How To Start a Dump Truck Business

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Image of people working behind a dump truck

Starting a Dump Truck Business: What You Need To Know

Dump Truck Business Overview:

A dump truck driver’s job involves transporting loose materials such as sand, gravel, coal, or dirt to various building sites.

Operating large vehicles calls for good driving skills. The driver must drive through sometimes dangerous conditions and safely deliver their payloads.

If you own as few as three dump trucks you could start your own contracting with mining companies, local construction firms.

Most workdays involve travel, either locally or longer hauls. In between stops on long trips, drivers will typically stop at rest areas or truck stops to fuel up, grab a bite to eat, or catch up on some sleep.

A dump truck driver works on a strict schedule that requires loads to be picked up and dropped off on time. Owners who do not do their own driving typically spend the day taking orders from customers, securing materials and dispatching drivers. There is also a great deal of paperwork to maintain as well as other administrative duties.

Skill Set:
  • Handle the necessary machinery and trucks adequately
  • Maneuver a trailer pulled behind a truck
  • Calculation of fuel, mileage, driving logs
  • Long-distance truck-driving
  • Vehicle maintenance is not necessary but a plus
  • List of Common Business Skills
Employee and Job Consideration During The Start-Up Phase or In The Future:
Approximate Daily Hours Needed:

Hours vary greatly according to cargo delivery schedules. Truck drivers may drive all hours of the day or night, holidays, and weekends.

Equipment, Supplies, & Services During Start-up OR In The Future:
  • Dump Truck and pup
  • Trailer dump trucks
  • Semi trailer end dump truck
  • Semi trailer bottom dump truck
  • Side dump truck
  • off-road dump truck
  • First-aid kit
  • Fir extinguishes and other safety equipment
  • Truck tarps
  • LoJack or other vehicle security measures
  • GPS
  • Vehicle alarm system
  • CB radio
  • Log software
  • Dispatch units and service
  • Loader such as a backhoe
  • Essential office Equipment
Monthly Expenses and Operating Costs To Consider:

See our list of common business expenses

Licenses:

You will need a Commercial Driver’s License (CDL).

See Our Page on Licenses and Permits

Approximate Minimum Startup Cost:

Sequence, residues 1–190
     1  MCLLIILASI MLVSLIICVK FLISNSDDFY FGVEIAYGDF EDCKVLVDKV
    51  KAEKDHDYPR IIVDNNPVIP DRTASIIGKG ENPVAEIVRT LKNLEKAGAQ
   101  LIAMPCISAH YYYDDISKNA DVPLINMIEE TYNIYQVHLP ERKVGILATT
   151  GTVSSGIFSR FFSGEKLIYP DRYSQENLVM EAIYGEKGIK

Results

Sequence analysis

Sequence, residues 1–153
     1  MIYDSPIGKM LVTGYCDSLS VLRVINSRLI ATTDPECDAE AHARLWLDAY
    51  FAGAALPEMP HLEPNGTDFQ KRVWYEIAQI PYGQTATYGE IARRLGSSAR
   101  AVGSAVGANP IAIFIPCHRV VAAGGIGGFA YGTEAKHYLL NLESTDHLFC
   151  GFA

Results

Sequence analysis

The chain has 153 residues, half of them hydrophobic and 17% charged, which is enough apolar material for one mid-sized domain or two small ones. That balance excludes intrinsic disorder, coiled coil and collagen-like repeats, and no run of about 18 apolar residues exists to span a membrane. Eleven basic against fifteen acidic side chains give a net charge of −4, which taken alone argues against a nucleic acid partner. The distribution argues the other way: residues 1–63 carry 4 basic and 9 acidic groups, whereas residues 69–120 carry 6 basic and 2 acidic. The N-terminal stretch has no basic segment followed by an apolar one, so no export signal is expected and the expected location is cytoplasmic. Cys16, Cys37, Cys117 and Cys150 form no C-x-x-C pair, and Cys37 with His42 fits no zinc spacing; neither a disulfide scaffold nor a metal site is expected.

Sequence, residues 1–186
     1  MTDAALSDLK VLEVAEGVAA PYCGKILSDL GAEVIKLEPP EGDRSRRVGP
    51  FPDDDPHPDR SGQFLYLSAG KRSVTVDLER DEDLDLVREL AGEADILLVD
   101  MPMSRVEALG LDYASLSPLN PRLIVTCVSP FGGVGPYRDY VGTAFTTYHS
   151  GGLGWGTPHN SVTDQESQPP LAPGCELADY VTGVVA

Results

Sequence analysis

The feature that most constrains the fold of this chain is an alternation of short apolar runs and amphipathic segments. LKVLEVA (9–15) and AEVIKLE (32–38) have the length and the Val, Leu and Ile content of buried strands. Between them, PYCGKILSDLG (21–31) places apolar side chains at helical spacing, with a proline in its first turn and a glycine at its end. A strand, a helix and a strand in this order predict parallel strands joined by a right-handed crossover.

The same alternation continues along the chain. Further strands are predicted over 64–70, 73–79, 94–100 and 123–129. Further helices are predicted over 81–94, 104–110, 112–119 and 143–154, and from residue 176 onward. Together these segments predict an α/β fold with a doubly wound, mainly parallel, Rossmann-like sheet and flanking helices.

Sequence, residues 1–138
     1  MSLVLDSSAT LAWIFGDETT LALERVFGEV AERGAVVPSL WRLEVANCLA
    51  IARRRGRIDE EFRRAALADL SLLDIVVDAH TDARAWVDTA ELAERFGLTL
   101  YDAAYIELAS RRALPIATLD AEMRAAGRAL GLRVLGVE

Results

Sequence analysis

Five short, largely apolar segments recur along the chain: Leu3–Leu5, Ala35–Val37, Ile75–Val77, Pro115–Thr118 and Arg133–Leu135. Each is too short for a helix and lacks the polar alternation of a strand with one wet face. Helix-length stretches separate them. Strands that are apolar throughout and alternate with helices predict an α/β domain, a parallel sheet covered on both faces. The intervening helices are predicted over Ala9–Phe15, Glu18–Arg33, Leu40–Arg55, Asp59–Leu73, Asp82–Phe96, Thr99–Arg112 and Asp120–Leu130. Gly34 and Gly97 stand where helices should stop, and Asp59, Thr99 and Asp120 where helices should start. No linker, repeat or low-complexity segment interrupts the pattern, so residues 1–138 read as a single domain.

Bare essential – The average startup cost may vary from a few thousand dollars if you already have a lot of the equipment to hundreds of thousands of dollars if you want new, top-of-the-line equipment. You can start off small and expand your crew and equipment as you grow.

The cost to get started depends on the size of operation you plan to run. An operation with one dependable dump truck will cost you at least $50,000; a larger fleet and establishment could cost as much as $250,000.

Tips & Considerations:

Insurance is a must! You want to make sure you are covered for the following:
  • Injury
  • Sickness
  • Lost wages
  • Medical Costs
  • Pain and Suffering
  • Death
  • Collisions
  • Rollover
  • Vandalism
  • Fire
  • Theft
  • Cargo

Before traveling, a driver must perform a routine check-up on their vehicle and equipment, taking note of the brakes, tires, lights, oil, etc. Plan to spend about an hour loading equipment and cargo. At the end of the driving day, make sure all receipts are kept secure and logs are accurate.

Pros and Cons:

The Pros:

  • You have the advantage of being your own boss and setting your own hours
  • Healthy Market depending on your area
  • Expandable
  • Moving the operation is fairly simple (as with another state or province).
  • Commercial drivers are fairly abundant as you grow your fleet

The Cons:

  • Work may require many hours driving
  • May have to work on holidays and weekends
  • Depending on the services you provide, you may have to handle toxic substances
  • The equipment that you work with could be potentially dangerous
  • The majority of the work other than actual driving is done outside
  • Can be a somewhat dirty job.
  • Can be expensive to start
Type of Customers:

Construction Companies

Landscaping Companies

Renovation companies

Regular people needing soil, clean etc.

Revenue:

Dump truck driving is a great way to earn a living. Those who posses the skills or are looking to get into the business would do well to seize these opportunities. Revenue is determined by haul and distance.

Resources:

Courses:

U.S. Truck Driving Schools

Free Truck Driver CDL Training

Equipment and Supplies:

Big Truck Equipment

La Pine trucks

Cottrell

Forums:

Dump Truck Drivers Job Forum

Associations:

American Trucking Association

Truckload Carriers Association

Books:

The Truck Blue Book (online)

Software:

Fog Line

Other:

The Trucker’s Guide to Fuel Efficiency